After all, these were also the feet that were supposed to repay his Mom and sister for their sacrifice and he couldn’t do what he did best: Cut. His superpower was temporarily MIA. After the 2020 season, doctors thought the fluid would go away. It did not. It lingered. He feared he wouldn’t be the same weapon in 2021. An offseason procedure finally cleaned it up and Gibson was good to go.
Right around then is when he snapped out of his funk, too.
Gibson didn’t need a heart-to-heart with anyone. He looked in the mirror. He didn’t have a choice.
“I had to,” Gibson says. “The baby was here. Camp was here. So, I was like, ‘I’ve got to get right.’”
His daughter was born and it hit Gibson that football has always been his “safe haven.” Football is what masked the pain of Dad’s absence. No wonder he couldn’t stop crying upon injuring his ankle in high school.
He needs the ball in his hands, needs to be that artist on the field.
For those three hours, nothing else matters.
“It clears your mind,” Gibson says. “I feel like if you can practice and do all of this… everything else? There’s nothing to worry about. Sometimes, it’s a good thing. Sometimes, it’s a bad thing. If you have a situation that really needs to be taken care of, you can say, ‘I’ll practice. I’m fine.’ And you put it in the back of your head. And, later, it’ll pop up.”
And that’s the thing. The colossal life change popping into his mind 24/7 now was welcomed. Gibson cannot get enough of his daughter. Even as he rehabilitated his toe in D.C. through the spring, Gibson made a point to fly back to Atlanta each Thursday through Sunday to be with her.
Here, his entire mood perks back up as the conversation shifts from his Dad to being a Dad.
Life as a father is clearly fueling everything we’ll see on the field in 2021.
“When I go home, I don’t try to do anything,” he says. “It’s just me and her.”
Fine, he confesses that he wanted a boy at first. His girlfriend, too. Now? He wouldn’t change a thing. His daughter’s turning him into a total softie. At the time of this chat, she’s only six weeks old so there’s not too much the family can do together. They tried going to a strawberry farm but, he says with a laugh, “she didn’t do anything but cry.” No doubt, Gibson would rather talk about parenthood than anything on a field.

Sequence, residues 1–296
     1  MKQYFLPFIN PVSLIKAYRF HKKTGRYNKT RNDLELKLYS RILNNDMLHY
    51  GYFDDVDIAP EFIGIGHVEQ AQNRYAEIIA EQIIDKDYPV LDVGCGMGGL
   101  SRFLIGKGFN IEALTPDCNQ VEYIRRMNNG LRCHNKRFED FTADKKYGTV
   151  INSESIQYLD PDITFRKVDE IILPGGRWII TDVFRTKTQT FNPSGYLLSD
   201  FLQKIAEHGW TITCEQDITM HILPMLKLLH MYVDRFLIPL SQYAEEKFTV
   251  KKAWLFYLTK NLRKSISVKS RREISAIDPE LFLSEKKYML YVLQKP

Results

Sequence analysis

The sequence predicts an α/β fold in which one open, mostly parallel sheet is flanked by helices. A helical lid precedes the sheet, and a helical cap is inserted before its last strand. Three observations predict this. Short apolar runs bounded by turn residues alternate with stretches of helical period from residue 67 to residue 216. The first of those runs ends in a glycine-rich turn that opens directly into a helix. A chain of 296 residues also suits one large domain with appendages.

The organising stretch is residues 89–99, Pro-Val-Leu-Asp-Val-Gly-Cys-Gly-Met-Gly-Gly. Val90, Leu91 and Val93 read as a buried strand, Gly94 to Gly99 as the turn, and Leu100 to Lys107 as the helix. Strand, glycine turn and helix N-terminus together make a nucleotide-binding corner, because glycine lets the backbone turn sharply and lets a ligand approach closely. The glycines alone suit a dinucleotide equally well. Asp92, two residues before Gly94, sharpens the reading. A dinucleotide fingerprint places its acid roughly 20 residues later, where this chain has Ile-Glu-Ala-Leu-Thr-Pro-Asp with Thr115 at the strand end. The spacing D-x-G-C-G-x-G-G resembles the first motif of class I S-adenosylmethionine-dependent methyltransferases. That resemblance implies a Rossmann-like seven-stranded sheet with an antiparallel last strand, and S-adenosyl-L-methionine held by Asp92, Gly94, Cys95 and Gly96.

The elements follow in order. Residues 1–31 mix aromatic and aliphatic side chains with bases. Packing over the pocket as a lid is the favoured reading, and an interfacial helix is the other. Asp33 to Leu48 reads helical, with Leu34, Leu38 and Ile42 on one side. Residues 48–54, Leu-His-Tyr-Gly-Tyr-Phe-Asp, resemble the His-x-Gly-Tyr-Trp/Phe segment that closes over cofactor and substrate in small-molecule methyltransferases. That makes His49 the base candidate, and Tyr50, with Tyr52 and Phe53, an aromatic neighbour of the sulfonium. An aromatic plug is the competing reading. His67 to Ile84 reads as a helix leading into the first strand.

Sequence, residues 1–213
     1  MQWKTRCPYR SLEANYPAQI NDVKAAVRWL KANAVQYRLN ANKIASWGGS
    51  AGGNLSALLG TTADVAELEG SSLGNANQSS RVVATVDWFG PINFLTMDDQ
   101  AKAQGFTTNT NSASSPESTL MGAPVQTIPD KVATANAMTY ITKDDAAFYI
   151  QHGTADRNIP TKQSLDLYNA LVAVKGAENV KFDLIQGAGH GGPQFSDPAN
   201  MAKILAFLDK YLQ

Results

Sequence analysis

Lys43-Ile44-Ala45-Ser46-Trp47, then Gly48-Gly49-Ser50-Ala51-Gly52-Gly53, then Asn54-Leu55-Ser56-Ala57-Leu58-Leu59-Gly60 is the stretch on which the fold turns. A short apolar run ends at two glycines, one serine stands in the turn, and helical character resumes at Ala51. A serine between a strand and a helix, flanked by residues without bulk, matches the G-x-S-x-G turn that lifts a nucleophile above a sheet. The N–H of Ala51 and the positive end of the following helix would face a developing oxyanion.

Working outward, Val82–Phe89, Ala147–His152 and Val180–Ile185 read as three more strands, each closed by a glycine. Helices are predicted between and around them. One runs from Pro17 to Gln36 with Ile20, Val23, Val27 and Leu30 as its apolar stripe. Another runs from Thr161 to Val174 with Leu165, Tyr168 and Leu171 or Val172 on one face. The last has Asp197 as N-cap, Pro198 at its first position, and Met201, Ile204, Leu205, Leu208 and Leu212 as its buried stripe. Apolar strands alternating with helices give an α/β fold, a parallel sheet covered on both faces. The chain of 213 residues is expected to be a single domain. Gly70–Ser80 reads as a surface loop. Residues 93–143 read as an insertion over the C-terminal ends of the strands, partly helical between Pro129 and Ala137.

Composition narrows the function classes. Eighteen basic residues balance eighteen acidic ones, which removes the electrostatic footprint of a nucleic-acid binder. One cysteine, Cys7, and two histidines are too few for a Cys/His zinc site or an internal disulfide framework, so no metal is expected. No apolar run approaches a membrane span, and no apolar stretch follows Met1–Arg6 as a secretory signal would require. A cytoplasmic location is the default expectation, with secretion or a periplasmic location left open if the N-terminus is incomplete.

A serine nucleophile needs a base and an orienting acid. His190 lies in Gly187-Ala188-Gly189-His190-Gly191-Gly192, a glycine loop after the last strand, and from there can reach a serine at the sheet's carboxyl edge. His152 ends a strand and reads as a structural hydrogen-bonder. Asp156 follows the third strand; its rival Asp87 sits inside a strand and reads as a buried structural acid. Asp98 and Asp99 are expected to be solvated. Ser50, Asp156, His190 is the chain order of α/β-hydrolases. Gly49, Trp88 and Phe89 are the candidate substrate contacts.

He asks all about this visitor’s 21-month-old so he can know what to expect. When he hears about a certain no-neck pose, Gibson has to see a photo and, promptly, peels over.
Life as a Dad is the best. Gibson cannot wait to FaceTime his girl after this convo and is overcome with the desire to destroy anything that’d ever harm her.
“Seeing a fly around!” he says, pretending to swat a fly. “Getting it!”
His whole family will be with him in D.C. through the 2021 season and, yes, he’ll change all of the diapers that he can. Even after a certain, uh, episode.
As Gibson starts to tell this story, he can’t stop laughing. Initially, his daughter’s diapers didn’t stink. That “tar”-like substance was easy to handle. Now? He braces for impact. A week before this chat, Gibson correctly slid a clean diaper underneath the dirty one, wiped his daughter’s bottom, strapped on the clean diaper and she instantly filled it up.
He moved her to blanket and… she pooped all over the blanket.
He moved once more and… you guessed it. More mess. Everywhere.
Gibson is in near-tears reliving that day. That’s what his life is all about now — making memories.
“I can’t wait to get her to a game,” he says.
He’s not stressing anymore, no.
He’s ready to take over the league.
For a moment, Antonio Gibson imagines himself back in his sanctuary.
The ball’s in his hands. He sees a crease. He’s thinking touchdown.
This is what life’s like in his cleats.